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Matt Gade, Deseret News
Dancers perform during the dress rehearsal for the Latino Christmas program, "Luz de las naciones: Ven a mi casa esta Navidad," at the Salt Lake Tabernacle on Temple Square on Wednesday, Dec. 4, 2013.
As soon as you hear the music and the lights go up, you can feel the spirit of Christmas. —Annya Becerra

"Ven a mi casa esta Navidad."

That's Spanish for, "Come to my house this Christmas."

It's a holiday invitation one might hear in any Latin American neighborhood. But for the next three days, it's also the welcoming theme of this year's edition of the annual Latino program staged by The Church of Jesus Christ of Latter-day Saints.

The program — which features a cast of almost 1,000 singers, dancers, musicians, actors and stagehands — will be performed Thursday through Saturday in front of thousands inside the Salt Lake Tabernacle. But the show's producers hope each audience member feels like a special guest in the home of Spanish-speaking family.

"This program gives us a chance to preserve and share the cultural heritage the we love," said Melissa Ottonelli, a cast member and Cali, Colombia, native who now calls Provo home.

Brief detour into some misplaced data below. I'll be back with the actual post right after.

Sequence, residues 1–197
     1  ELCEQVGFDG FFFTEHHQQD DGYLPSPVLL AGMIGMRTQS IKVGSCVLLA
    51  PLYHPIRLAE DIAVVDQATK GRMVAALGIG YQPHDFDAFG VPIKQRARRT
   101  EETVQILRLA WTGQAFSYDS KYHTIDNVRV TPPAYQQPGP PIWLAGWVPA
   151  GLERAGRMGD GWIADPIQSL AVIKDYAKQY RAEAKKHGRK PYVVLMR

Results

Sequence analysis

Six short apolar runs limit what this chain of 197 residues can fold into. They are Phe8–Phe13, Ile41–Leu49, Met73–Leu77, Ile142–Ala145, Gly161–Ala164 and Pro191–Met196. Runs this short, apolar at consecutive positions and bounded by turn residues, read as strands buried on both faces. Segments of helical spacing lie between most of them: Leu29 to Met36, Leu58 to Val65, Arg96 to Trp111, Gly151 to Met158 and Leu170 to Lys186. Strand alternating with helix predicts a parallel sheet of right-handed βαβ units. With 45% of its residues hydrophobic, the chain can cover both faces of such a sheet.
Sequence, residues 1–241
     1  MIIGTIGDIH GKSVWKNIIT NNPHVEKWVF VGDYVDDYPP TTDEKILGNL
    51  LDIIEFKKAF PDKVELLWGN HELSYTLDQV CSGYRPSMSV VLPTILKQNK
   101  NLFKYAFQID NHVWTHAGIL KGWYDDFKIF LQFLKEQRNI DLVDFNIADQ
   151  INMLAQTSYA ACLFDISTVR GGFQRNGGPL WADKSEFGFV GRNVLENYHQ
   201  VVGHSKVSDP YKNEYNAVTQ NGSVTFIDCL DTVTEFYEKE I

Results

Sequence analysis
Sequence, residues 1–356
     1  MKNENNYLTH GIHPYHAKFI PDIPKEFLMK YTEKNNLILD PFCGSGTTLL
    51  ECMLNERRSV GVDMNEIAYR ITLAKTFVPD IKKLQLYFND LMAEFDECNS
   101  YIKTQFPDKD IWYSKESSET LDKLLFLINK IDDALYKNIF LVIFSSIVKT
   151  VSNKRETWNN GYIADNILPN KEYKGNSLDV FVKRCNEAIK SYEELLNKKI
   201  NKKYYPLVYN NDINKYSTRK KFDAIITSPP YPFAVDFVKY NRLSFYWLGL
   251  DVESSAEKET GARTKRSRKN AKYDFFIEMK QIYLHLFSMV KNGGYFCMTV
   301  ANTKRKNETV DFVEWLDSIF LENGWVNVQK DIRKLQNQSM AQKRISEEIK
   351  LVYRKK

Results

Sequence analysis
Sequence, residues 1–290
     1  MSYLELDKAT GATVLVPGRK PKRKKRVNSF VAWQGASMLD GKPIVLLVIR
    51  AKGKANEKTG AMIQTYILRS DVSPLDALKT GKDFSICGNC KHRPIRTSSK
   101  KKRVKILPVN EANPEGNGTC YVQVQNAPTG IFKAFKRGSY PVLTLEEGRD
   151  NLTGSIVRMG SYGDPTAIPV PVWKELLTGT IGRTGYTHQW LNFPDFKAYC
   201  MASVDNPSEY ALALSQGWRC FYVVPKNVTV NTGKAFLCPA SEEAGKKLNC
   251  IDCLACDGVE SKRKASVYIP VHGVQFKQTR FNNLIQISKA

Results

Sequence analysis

"Ven a mi casa esta Navidad" is a 90-minute holiday celebration of song and dance. Presented entirely in Spanish, the diverse performances represent the many festive ways Christmas is celebrated across Mexico, Central and South America and the islands of the Caribbean.

"As soon as you hear the music and the lights go up, you can feel the spirit of Christmas," said Utah County resident Annya Becerra, who donned an ornate dress for her role in the Bolivian dance "Saya de Navidad."

Becerra and countless others from the cast are regulars in the annual church-sponsored Latino program. The event offers Utah Latinos an opportunity to share both their cultural traditions and religious convictions — even as they discover the holiday traditions of others.

The various editions of the annual LDS Church-produced Latino program have become staples on BYUtv International and are broadcast across the Spanish- and Portuguese-speaking world.

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Taylorsville resident Alejandro Ponce choreographed the "Las Posadas" dance that recounts the story of Joseph and Mary seeking shelter on a cold Bethlehem night. Ponce came to love the "Posadas" and its familiar reenactment of the first Christmas while growing up in Mexico.

"Every culture has different ways to celebrate Christmas, but the purpose is the same — to remember the birth of Jesus Christ," he said.

"Ven a mi casa esta Navidad" will be performed Thursday, Friday and Saturday at 7:30 p.m., with a Saturday matinée at 2 p.m. Tickets for the event are sold out.